Friday, August 31, 2007
Sunday, August 19, 2007
Let me explain and define my terms. If we were all points on a plane (a flat, two dimensional world), a solid sphere that intersected the sphere would be a transfinite object (vis a vis the plane).
Just as the number of curves in the plane is infinite (an aleph two infinity), so the number of curved planar surfaces inside a sphere is infinite (and perhaps sufficient to correlate to the curves).
I think that, in some ways, the resurrection makes us transfinite. The sort of thing C. S. Lewis grasped at with his book The Great Divorce. Lewis has things getting more and more real as they get closer to God (all of hell is contained in a speck at the bottom of a crack in the pavement at the edge of Heaven). I suspect that all of our grasping at meaning is limited by our lack of a transfinite nature and by our finite understandings. Which is why John would say that it does not yet appear what we shall be. ("Beloved, it does not yet appear what we shall be, but we know that, when he comes, we shall be like him.” So love for one another, genuine love")
He knew we would be resurrected and become like Christ, yet his best analysis of that was that we should embrace love, because he could not otherwise define it.
So it is that I don't really know or really define, but it appears to me that much of the infinite may be subsumed in the transfinite.
By the way, I listened, a while back, to some of the people whose stories are told in "God Grew Tired of Us." The movie is out now. I think I need to see it.
Thursday, August 16, 2007
I also enjoyed http://www.stardancer.org/kherishdar/ and http://mormonstories.org/?p=312
And I've enjoyed and been inspired by President Faust for the last almost thirty years. President Faust
Off set the thought that a frame doesn't need to be true in order to be effective, and doesn't have to be what you think it is to be reacted against ... sigh.
People too often react against what they read into rather than what they read (or hear, or touch, or see or feel).
Wednesday, August 15, 2007
We’ve had a growing number of Mormons coming here. Obviously they don’t come here for theological reasons, but they like our emphasis on values.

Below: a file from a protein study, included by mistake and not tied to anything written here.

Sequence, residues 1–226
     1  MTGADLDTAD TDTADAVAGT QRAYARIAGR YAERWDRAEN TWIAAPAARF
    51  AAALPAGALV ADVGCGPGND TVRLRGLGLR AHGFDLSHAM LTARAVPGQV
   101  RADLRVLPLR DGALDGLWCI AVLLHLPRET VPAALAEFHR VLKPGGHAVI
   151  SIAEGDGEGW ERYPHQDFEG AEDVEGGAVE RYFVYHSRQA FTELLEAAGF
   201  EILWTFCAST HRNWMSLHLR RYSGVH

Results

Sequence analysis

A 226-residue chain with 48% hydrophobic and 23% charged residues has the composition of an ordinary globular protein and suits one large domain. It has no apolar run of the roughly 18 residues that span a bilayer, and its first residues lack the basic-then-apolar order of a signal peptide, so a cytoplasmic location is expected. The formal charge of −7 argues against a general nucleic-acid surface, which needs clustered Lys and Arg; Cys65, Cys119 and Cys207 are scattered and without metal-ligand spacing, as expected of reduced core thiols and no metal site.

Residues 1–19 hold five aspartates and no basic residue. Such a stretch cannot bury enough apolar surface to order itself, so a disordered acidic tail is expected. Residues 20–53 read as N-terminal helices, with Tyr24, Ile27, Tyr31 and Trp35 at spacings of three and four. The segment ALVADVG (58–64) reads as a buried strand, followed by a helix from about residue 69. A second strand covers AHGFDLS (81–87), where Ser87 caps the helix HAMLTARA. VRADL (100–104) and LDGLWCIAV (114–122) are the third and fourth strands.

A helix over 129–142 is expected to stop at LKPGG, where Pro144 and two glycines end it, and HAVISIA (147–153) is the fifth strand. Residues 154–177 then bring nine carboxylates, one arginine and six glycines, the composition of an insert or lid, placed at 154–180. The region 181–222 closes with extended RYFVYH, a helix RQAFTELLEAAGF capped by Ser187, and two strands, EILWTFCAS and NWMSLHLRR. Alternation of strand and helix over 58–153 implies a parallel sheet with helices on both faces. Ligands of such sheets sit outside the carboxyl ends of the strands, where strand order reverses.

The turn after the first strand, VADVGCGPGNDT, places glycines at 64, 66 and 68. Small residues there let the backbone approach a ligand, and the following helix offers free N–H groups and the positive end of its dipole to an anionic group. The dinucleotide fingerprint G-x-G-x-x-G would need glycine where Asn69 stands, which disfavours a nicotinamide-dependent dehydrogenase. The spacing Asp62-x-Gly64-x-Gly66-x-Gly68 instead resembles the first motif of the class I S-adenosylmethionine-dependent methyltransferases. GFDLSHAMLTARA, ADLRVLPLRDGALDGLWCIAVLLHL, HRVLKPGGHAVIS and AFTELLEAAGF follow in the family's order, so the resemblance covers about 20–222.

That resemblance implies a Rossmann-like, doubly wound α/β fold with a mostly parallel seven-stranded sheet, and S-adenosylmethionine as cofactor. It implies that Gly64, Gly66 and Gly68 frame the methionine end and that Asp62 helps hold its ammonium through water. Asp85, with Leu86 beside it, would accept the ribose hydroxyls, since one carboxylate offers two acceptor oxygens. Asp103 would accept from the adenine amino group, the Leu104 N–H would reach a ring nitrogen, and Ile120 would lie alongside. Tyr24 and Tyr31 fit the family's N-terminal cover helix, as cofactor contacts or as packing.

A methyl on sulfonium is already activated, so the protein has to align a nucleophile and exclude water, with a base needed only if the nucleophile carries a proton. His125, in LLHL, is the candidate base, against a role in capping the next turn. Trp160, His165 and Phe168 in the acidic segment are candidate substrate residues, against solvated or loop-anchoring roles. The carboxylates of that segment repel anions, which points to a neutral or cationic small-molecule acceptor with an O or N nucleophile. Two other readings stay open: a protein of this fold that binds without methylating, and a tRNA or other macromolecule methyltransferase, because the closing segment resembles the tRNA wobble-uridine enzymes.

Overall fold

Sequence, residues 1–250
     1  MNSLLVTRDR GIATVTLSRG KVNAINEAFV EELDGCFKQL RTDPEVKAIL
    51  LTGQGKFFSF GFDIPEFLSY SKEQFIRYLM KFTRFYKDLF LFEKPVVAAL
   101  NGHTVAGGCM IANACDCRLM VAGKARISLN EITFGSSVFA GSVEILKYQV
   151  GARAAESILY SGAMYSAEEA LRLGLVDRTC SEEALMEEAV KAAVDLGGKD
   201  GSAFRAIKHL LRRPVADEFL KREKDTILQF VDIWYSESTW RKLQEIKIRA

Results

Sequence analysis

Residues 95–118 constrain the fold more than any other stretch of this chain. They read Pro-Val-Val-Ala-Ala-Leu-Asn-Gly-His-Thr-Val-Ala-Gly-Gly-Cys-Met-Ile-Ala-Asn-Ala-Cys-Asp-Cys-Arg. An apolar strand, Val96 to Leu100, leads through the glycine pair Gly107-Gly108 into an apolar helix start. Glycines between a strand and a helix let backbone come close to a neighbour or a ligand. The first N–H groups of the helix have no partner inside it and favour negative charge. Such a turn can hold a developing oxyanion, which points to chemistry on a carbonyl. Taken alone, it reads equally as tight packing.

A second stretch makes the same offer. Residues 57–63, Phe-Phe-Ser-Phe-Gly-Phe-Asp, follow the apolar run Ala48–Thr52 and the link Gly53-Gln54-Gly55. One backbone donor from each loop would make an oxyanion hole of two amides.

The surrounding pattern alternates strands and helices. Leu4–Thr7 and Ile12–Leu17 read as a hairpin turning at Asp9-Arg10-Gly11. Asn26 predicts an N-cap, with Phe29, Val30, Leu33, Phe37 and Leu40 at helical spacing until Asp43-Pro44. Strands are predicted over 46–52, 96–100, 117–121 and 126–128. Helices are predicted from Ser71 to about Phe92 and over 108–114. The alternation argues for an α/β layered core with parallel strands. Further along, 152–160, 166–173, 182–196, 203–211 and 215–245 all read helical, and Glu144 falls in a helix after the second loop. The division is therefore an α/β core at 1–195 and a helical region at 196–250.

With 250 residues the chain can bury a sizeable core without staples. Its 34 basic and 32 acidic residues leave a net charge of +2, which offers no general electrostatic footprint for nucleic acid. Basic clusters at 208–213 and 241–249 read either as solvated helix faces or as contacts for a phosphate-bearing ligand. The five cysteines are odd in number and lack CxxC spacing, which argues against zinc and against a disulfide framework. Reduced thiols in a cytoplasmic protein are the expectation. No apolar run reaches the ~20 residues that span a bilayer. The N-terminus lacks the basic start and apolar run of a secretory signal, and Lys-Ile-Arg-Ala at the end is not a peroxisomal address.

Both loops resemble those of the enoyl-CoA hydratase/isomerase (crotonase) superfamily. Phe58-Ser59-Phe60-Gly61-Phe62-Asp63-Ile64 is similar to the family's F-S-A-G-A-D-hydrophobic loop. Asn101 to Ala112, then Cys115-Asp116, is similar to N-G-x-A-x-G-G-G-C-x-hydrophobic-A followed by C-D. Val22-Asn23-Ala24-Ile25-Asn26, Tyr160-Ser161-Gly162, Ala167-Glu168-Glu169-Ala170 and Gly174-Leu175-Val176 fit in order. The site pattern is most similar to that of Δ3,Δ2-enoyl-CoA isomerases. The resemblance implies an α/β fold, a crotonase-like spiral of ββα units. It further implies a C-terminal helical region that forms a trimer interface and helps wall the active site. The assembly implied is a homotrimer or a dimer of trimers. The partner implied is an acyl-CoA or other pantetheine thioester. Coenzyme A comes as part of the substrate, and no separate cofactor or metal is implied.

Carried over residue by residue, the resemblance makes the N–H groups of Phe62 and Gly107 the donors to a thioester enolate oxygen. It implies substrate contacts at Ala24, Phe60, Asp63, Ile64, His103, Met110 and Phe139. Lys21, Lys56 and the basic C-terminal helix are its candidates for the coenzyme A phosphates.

Lots of family in town to see my dad, made me have fond feelings of my Catholic aunt (whose last e-mail address I have isn't working) and then I found that quote.
Tuesday, August 14, 2007
There are twelve step programs because they produce results (which is what I meant by "they work because they work"). Without results they would no longer exist. It seems circular, but the programs are a success because they produce results.
They also produce a dramatic result because that result is all they attempt. By limiting their focus so sharply, they are able to continue to achieve it. Every precursor to the modern twelve step programs attempted to reach for more and failed. Keeping free from distractions and diversions seems very important.
I find twelve step programs fascinating because they reflect how easy it is to reach God, at least for the singular miracles of:
- regaining free agency and
- being able to seek God
Sometimes we can do so much, because we seek so little, but so specifically, and find the greatest things of all.
LDStorymaker writing conference each March," Wells, the author of
three novels published through Covenant, explains. "This is an
exciting time to be part of the LDS fiction industry, and we hope the
Whitney will become a prestigious and sought-after award."
Anyone can nominate a novel published during the previous calendar
year in any of six categories, and a final academy of industry
professionals will vote on the final ballot. Nominations are being
taken for books published in 2007 by LDS authors at the Whitney